I had read that we needed to walk for 1 km and over an old rusty bridge all the way to the immigration office on the Nicaraguan side. The sun had already set, it was quickly getting dark with only few street lights around. There was still one tout following us, trying to offer his services. Although the children had been walking fast and brave with us so far, the tout’s presence made them feel clearly uneasy. And probably me too, because a bit too rough I had to tell him, that we were fine on our own and would not require further assistance. He left. What a relief.
We were now walking past a long line of trucks crossing slowly on the narrow, old bridge. An officer stopped us to check our passports. He frowned at the sight of one of the kids passports and showed it to his boss, who was standing a bit further away. Silence. Then the older officer nodded and he returned us the passports.
“La vuelta?”, he made a sign of a curve with his hand, then pointed back from where we came from.
“Si, we’ll come back to Costa Rica”, I stuttered unsure whether it was the right answer. It seemed to reassure him.
Then from far we spotted the modern building of the immigration office with the Nicaraguan flag. As so perfectly explained on the “how-to” website. We were doing this! As we entered the air-conditioned, brightly lit building we walked straight to one of the 3 counters. We handed over our 4 passports as well as the USD amount to pay the entry tax into Nicaragua. The woman officer read our names out loud and examined our documents carefully.
“La vuelta”?, she motioned with her hands a circle again.
“Si. Si. La vuelta.” I responded hectically, surprised that she too was so openly asking about our intention not wanting to stay in Nicaragua. Maybe they were relieved after all, that we would go back to Costa Rica and not spread any disease in their country…. But then she paused, wrinkled her forehead and examined the kids’ passports again. German children’s’ passports have a soft cover, but adult ones have a hard cover. I tried to explain in my intermediate Spanish, that this was always the case in Germany. She seemed unsure and walked to her superior’s office.
“What’s wrong with that passport? ‘Tis the 2nd time that they stumble over it now.” I wondered impatiently.
“Nothing”, Amiram hissed through his lips.
Amaya bursted into tears. She just couldn’t bear the tension anymore.
“Control yourself, Amaya. We aren’t doing anything wrong” , I heard myself saying in a sharp voice.
Her body was shaking but I could see that she was trying hard. Tayanika looked concerned but seemed to either trust our ability to manage everything or did not yet grasp the gravity of the situation. Another officer walked past and collected the 1 USD per person municipality tax. Lucky we still had enough small US Dollar notes, as we were told there wouldn’t be any change.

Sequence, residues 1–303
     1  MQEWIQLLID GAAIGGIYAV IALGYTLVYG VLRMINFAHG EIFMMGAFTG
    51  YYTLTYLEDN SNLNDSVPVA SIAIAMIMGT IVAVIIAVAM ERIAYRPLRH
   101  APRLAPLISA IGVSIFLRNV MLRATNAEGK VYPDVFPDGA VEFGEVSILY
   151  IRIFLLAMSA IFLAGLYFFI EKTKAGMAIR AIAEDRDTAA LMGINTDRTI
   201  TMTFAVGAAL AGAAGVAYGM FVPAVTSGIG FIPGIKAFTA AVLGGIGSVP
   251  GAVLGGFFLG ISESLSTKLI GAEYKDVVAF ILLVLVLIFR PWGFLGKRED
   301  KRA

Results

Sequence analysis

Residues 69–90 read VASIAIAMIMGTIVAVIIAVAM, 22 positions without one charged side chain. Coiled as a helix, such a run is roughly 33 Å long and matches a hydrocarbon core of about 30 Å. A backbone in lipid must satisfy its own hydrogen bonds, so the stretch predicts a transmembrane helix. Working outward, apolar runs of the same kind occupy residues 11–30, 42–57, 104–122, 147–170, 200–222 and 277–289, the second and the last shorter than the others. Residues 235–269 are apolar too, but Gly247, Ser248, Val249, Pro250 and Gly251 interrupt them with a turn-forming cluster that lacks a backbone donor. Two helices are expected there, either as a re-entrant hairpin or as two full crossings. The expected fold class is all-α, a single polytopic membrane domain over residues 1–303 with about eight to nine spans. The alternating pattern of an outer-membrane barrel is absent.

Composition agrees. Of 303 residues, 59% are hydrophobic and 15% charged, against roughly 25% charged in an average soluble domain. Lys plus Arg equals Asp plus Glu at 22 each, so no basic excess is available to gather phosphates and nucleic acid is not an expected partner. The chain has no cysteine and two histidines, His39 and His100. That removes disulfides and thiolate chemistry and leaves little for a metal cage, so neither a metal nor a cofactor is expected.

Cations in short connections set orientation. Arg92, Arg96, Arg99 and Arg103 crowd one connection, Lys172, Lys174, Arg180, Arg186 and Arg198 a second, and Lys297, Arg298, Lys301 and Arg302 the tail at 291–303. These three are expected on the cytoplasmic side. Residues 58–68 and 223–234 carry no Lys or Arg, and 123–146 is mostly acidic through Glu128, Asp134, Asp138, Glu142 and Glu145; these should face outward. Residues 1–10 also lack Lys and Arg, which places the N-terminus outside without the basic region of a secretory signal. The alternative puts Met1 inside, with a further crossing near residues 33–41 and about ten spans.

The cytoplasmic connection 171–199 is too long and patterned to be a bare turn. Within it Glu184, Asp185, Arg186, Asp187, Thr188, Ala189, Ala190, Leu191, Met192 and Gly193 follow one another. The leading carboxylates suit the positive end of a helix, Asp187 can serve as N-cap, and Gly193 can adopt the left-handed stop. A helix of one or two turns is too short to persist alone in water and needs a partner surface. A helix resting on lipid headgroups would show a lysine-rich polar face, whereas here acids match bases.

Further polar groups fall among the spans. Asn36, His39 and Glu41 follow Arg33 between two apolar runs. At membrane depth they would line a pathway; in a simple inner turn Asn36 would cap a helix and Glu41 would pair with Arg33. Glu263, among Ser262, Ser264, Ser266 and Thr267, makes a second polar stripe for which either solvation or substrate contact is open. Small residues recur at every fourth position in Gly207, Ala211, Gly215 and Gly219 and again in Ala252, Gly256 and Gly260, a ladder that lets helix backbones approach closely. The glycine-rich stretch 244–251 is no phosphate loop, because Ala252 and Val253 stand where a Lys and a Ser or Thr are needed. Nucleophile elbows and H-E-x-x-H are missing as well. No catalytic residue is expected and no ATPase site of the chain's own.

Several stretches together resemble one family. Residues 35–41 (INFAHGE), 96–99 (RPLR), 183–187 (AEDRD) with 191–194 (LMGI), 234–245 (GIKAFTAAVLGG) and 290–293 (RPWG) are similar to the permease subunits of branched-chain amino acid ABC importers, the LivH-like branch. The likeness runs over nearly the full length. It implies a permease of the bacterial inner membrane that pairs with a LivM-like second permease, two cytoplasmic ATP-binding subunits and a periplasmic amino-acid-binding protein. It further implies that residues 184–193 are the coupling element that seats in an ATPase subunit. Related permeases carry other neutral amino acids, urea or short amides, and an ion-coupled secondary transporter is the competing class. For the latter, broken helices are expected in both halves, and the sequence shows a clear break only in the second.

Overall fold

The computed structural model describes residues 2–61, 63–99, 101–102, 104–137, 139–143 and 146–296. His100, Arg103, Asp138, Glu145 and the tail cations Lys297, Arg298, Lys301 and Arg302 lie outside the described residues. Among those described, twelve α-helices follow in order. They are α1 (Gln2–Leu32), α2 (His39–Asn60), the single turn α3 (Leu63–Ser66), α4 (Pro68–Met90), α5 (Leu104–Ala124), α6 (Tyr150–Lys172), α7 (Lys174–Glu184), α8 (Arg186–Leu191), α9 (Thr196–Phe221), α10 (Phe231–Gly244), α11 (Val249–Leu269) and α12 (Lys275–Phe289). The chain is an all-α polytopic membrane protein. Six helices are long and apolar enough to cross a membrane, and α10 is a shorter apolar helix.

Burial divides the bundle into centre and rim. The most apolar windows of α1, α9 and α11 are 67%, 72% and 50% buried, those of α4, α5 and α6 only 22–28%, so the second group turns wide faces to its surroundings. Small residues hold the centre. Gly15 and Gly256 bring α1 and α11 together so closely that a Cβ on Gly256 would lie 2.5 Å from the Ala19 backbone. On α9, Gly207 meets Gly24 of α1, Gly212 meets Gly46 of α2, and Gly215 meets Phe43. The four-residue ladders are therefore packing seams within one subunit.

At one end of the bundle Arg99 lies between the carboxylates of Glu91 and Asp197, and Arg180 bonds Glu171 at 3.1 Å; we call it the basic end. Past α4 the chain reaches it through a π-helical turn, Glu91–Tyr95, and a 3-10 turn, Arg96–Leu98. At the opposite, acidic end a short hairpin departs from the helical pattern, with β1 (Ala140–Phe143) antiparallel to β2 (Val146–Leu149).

Later the girls told me, that I had looked rude and impolite in those tense moments. Oh dear. That surely had not instilled the confidence that was needed then.
After minutes that felt like aeons the officer returned, stamped our passports 4 times and handed us the documents along with receipts for payments. Wow, now we were indeed in Nicaragua. We felt relieved, but not because of Nicaragua, but mostly because we were now half way through “la vuelta” already and everybody seemed to expect that we were going back anyway….
It was pitch dark when we left the immigration office in Nicaragua and re-entered on the other side again. It seemed all a bit absurd. Inside I nestled around in my purse to pay for the municipality tax again. I fished out my last small notes of 5 USD. We even received 1 USD change. The officer only quickly glanced at us, stamped us out and asked no further question.
And then, we walked all the way back through the no-(wo)mans land over the narrow old bridge in the light of the trucks waiting. Past the checkpoint, this time a friendly woman in khaki green uniform checked our passports with the stamps. Once we reached the Costa Rican side we noticed that the officers were wearing face masks and gloves, while talking to truck drivers.
And then the final step was waiting for us. Another entry of the same immigration building, where we had started off 45 min ago: The only obstacle between us and re-entrance into Costa Rica. In front of me in the queue stood a tattooed western guy with a bruised eye. He was talking too much, too fast and appeared nervous. It was almost 8pm now, people must want to go home, I thought. They should just let people through now to have less trouble, I was hoping. But the guy was sent back. He seemed upset, when he sped past us.
It was our turn now. I approached the counter, behind me the kids, then Amiram. I handed over our stamped passports and fiddled around on my phone to show our outward travel proof booked the night before. But the officer did not even ask a single question where we were going, what we were doing or how long we wanted to stay. Without a word he scribbled the number 90 (for 90 days) one by one into each of our entry stamps. My racing heart slowed down a bit. When he passed over the last document to us, I grabbed them and we sprinted out of the building. I tried to hold back my grin, Amiram breathed out loudly.
Inside the rental car the moment we had slammed the door closed, Amiram and I instantly started to burst out in a wild scream: Yyyyyyyyyyyyesssssssssss. Yes, yes, yes, we did it!” Such a tension had built up over the day and culminated in the last hour. It all came out. The kids looked a little surprised but a split second later joined into our triumph howl. It was way past bedtime, but it totally didn’t matter.
The next morning we woke up by the sounds of monkeys dropping fruits onto the roof of our Swiss chalet in the dry jungle of North-Western Costa Rica. We crawled out of our beds and snuggled into rainbow coloured hammocks outside. Troops of spider monkeys and howler monkeys were peacefully crossing each others paths right above our heads.
Butterflies and bees hummed. Birds sang their energetic morning songs. We gently swung back and forth covered only by a light blanket, that the kids had grabbed to cuddle up. The air here was much drier than in the South and it had nicely cooled down from the previous day’s heat. The sweet scent of tropical flowers surrounding our terrace soothed and the view to a river below calmed our tired souls as if to make it all up again. The corona virus, the border closures and the global chaos seemed suddenly comfortingly far away.